I require that all owner-clients provide the food their dog(s) eat, with the exception of one meal for dogs staying over Thanksgiving or Christmas (I provide a healthy and pet-friendly holiday meal that is what my dog is eating for dinner that night (plain (boiled) mashed potatoes, plain steamed green beans, plain roasted butternut or acorn squash, and skinless white meat turkey)). For dogs on "special" diets, clients have largely bagged things up individually, so all I have to do is dump the food into their bowl. The only exception to that was when I sat a dog on a raw diet for nearly 3 weeks. The owners came in and took a look at my freezer, and we agreed that I couldn't keep that much of his food in my freezer (I just didn't have the space). Their solution was to send an Instacart delivery of what he needed for his last 4 days to my house, and then I just had to portion up the chicken, liver, and veggies he got. It worked out beautifully.

I don't cook for myself every day, so I would be hard-pressed into service to do so for a client. Pre-cooking the food and packaging it so that you can just heat it up in the microwave or by steaming/boiling it seems reasonable. "Mixing" whether it's wet food, yogurt, a little warm water, or even some warmed coconut oil wouldn't seem unreasonable to me. Likewise simply slicing up a provided boiled egg wouldn't put me out much. But I would absolutely charge more if they wanted me to do anything beyond pop something in the microwave/drop it in a pot of boiling water for a few minutes.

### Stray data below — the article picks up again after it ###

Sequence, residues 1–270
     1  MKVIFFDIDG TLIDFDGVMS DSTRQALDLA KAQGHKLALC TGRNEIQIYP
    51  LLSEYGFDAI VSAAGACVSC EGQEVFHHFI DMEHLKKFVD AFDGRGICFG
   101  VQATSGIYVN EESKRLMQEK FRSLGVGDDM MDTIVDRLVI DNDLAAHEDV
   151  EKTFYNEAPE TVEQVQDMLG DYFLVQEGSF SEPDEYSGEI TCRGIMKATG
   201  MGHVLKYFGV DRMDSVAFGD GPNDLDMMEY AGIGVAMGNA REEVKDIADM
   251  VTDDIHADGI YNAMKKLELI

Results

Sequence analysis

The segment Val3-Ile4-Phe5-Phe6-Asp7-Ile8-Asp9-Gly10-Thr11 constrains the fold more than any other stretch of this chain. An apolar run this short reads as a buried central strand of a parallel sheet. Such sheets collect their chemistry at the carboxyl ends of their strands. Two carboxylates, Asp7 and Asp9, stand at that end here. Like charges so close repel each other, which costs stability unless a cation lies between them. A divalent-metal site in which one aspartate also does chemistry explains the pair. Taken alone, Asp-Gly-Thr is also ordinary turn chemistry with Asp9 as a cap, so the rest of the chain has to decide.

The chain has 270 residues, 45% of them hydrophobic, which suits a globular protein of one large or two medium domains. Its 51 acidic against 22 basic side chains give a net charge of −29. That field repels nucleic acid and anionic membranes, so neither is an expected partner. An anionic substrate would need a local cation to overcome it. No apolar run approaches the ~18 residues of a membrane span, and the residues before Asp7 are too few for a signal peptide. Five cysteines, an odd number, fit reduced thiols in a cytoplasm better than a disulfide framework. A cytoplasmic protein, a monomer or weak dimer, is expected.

It's unclear what they're asking of you. Steaming veggies is clear...but do you have to cook the meat that's mixed in with their kibble as well? I'd charge $3-4/night extra for only steaming fresh veggies (assuming they don't let you just nuke them in a little water), and $10+/night if they are also asking you to cook the meat add-ins from raw (again...whole different ballgame if they give you cooked chicken breasts and say "please microwave these," I'm talking about you having to cook them fresh).

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answered 2017-03-20 15:08:18 -0500

I have to agree with the majority on this, if they want their dogs fed cooked meals, they should bring those meals. I do have a customer who feeds their dog a concoction of turkey, a veggie mix, and something else and it STINKS! He cooks and pre-packages it all for her stay though, so I am happy to feed it to her. She also has her dry food for the vitamins that dogs need.

Be really careful about cooking another dogs food because you never know what you might get (salmonella in foods beyond your control) and the dog get sick.